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AAISP Trial 3dB ADSL Broadband on UK TalkTalk Wholesale Lines

Friday, October 16th, 2015 (9:10 am) - Score 1,528

Internet provider Andrews and Arnold (AAISP) has announced that they’re going to trial a 3dB SNR (Signal to Noise Ratio) profile on their TalkTalk Wholesale connected ADSL2+ lines, which could deliver increased speeds but only if your copper line is very short / stable enough to handle it.

The SNR (Signal to Noise Ratio) of a standard ADSL based broadband line, like the one that most consumers still have at home, reflects the balance (measured in decibels) between the useful information coming down a line (good signal) and unwanted interference (bad signal / noise).

How the SNR behaves depends on the quality and length of your copper line from the telephone exchange. Put another way, a very short and stable copper line could deliver better speeds with a 3dB SNR, but the opposite may be true on longer / less stable lines.

Broadband ADSL2+ lines delivered using BT’s 21CN platform can already support a 3dB SNR profile and we believe that Sky Broadband’s unbundled (LLU) network may also be able to do this, but until recently TalkTalk’s Wholesale lines have preferred to stick with 6dB (note: don’t confuse TT’s wholesale lines with their separate retail ISP, the two can deliver very different service quality).

AAISPs Trial Update

We are running a trial, open to everyone on a TalkTalk connected ADSL line (non-annex M at the moment), which will allow us to set the line profile to 3dB. Typically this will give a speed improvement on short lines. Email in to trials@aa.net.uk if you’re interested. It’s easy for us to move the line back if it is unstable, there is no cost difference.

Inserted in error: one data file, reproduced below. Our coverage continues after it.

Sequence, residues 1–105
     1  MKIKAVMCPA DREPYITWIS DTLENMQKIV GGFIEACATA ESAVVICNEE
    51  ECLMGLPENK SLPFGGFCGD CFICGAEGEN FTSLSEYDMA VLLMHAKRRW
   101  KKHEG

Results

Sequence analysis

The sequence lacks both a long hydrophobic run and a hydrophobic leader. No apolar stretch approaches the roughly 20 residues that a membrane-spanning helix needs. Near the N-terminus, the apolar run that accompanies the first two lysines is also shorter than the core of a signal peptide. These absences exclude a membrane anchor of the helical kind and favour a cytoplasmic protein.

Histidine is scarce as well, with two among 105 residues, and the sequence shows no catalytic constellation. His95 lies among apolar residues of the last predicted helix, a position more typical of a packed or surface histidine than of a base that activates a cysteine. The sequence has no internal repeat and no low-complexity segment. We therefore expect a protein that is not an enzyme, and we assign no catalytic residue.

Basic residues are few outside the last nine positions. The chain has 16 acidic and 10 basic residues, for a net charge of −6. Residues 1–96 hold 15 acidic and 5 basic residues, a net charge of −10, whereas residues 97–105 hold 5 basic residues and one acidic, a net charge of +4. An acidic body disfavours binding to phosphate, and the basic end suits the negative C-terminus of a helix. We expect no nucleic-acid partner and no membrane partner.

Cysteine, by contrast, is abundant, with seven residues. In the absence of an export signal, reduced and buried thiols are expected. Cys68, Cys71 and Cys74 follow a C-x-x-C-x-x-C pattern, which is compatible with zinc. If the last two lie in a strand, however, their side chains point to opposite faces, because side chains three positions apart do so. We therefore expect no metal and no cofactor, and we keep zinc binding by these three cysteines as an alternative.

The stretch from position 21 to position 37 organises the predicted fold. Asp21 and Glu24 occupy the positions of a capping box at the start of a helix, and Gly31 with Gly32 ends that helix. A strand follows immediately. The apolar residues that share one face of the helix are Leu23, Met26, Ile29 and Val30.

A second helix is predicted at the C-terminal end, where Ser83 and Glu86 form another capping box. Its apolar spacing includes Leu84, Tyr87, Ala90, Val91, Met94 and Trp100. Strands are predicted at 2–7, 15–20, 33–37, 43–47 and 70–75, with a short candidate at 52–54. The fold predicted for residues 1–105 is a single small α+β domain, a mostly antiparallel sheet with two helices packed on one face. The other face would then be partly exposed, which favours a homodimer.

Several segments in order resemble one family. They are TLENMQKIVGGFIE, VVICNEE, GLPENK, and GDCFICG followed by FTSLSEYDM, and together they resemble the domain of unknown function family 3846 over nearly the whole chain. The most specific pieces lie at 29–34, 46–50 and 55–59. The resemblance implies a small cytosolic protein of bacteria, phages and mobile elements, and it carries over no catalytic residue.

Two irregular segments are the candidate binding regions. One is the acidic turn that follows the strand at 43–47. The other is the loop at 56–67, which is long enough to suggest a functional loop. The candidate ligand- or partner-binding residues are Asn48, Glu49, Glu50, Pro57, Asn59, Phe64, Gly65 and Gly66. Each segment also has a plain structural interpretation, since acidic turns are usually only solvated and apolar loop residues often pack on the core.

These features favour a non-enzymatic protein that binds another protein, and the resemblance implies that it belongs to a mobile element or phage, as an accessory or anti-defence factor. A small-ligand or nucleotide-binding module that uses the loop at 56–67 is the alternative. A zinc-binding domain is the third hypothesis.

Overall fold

We spoke to AAISP’s Managing Director, Adrian Kennard, about the trial and were told that they had specifically requested it from TalkTalk Wholesale (i.e. at this stage it doesn’t appear to be part of plans for a more general roll-out across TT’s network). Kennard sees it as a useful change for delivering closer parity of performance between their BT and TT based services.

Naturally it goes without saying that this sort of adjustment is best for those who can already get good speeds using the increasingly dated ADSL based services. It may also help if you have a more modern router that can cope better with line instability.

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By Mark Jackson
Mark is a professional technology writer, IT consultant and computer engineer from Dorset (England), he also founded ISPreview in 1999 and enjoys analysing the latest telecoms and broadband developments. Find me on Twitter, , Facebook and Linkedin.
Leave a Comment
2 Responses
  1. Tim Rossiter says:

    Not quite sure why they say speed improvement on SHORT lines. My short 0.8 km ADSL2+ (Sky) line runs at 23-24 Mbit/s sync rate which is as good as one can get, with a SNR of 6 dB.

    Can’t see the need for lower SNR on short lines, or maybe they are considering something over 1km

  2. jamesM says:

    Good- was always a bugger to only get 6db profile

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